While waiting in Boston Logan Airport to board her flight, Lynette Scribner noticed another passenger on the same flight.
“I observed a woman signing into a man’s hand, so he could feel her words. After watching them for a few minutes, I realized the man was both deaf and blind,” she said.
The man, Tim Cook, was heading home to Portland where he’s a resident of Brookdale Senior Living, according to a blog post from Alaska Airlines. He had been in Boston to visit his sister, the woman in the boarding area with him.
After boarding the plane, Cook was seated in the middle of Scribner’s row.
A man in the aisle of their row gave up his seat and switched with Cook to make him feel more comfortable on the cross-country flight to Portland, which would continue on to Los Angeles.
The cabin crew and passengers around Cook tried to make him feel more welcome and comfortable on the flight by helping him with his coffee and creamer, and the man in the seat next to him helped him feel his way back to the restroom.
After talking about the situation in the back galley, the flight attendants decided to make an announcement to see if any of the guests onboard knew American Sign Language (ASL) in order to better communicate with Cook.
Fifteen-year-old Clara Daly rang her call button in response. Daly was traveling to LA with her mom. Their original nonstop flight to Los Angeles from Boston had been canceled and they were placed on this flight to get home last-minute.
Daly had been learning ASL for a year. She had chosen to learn ASL since she was dyslexic and it was easier for her to learn.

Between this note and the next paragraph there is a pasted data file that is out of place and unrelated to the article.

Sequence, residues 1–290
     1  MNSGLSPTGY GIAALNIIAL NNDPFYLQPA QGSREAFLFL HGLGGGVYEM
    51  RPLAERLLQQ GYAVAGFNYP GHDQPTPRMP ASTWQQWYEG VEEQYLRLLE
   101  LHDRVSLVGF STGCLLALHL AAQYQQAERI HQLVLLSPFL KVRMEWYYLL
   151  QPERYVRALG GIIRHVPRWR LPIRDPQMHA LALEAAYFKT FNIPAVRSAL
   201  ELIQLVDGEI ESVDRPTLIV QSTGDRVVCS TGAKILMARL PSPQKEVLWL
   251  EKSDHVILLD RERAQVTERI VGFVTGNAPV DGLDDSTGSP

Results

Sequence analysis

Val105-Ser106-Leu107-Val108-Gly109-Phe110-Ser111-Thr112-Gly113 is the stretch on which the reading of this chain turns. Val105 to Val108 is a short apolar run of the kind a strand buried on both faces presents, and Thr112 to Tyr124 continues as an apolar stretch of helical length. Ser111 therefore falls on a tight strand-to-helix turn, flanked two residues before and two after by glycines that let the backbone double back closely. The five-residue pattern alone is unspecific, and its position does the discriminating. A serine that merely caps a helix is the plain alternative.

When she heard about the situation, Daly immediately jumped up to help. She signed with Cook to make sure all of his needs were met.
“He just wanted to talk,” Daly said. “I sat with Tim a few times on the flight and toward the end for about 30 minutes.”
Cook asked Daly questions and in response, she sign-spelled answers into his hand. Everyone nearby appeared to be very impressed by the teen.
“I don't know when I've ever seen so many people rally to take care of another human being,” said Scribner. “All of us in the immediate rows were laughing and smiling and enjoying his obvious delight in having someone to talk to.”
After the flight, Scribner shared the story on Facebook where her post received more than 1 million likes and nearly 600,000 shares, with comments praising both Daly and Alaska Airlines.
“After the flight, Clara told me she thought it was meant to be that our original flight was canceled and we were placed on this flight, so she could be there to help Tim,” said her mother, Jane Daly.
A service provider from Brookdale Senior Living met him at the gate after the flight. Cook said the flight was the best trip he’s ever taken.
Follow Gabriela Capestany on Twitter @goforgabi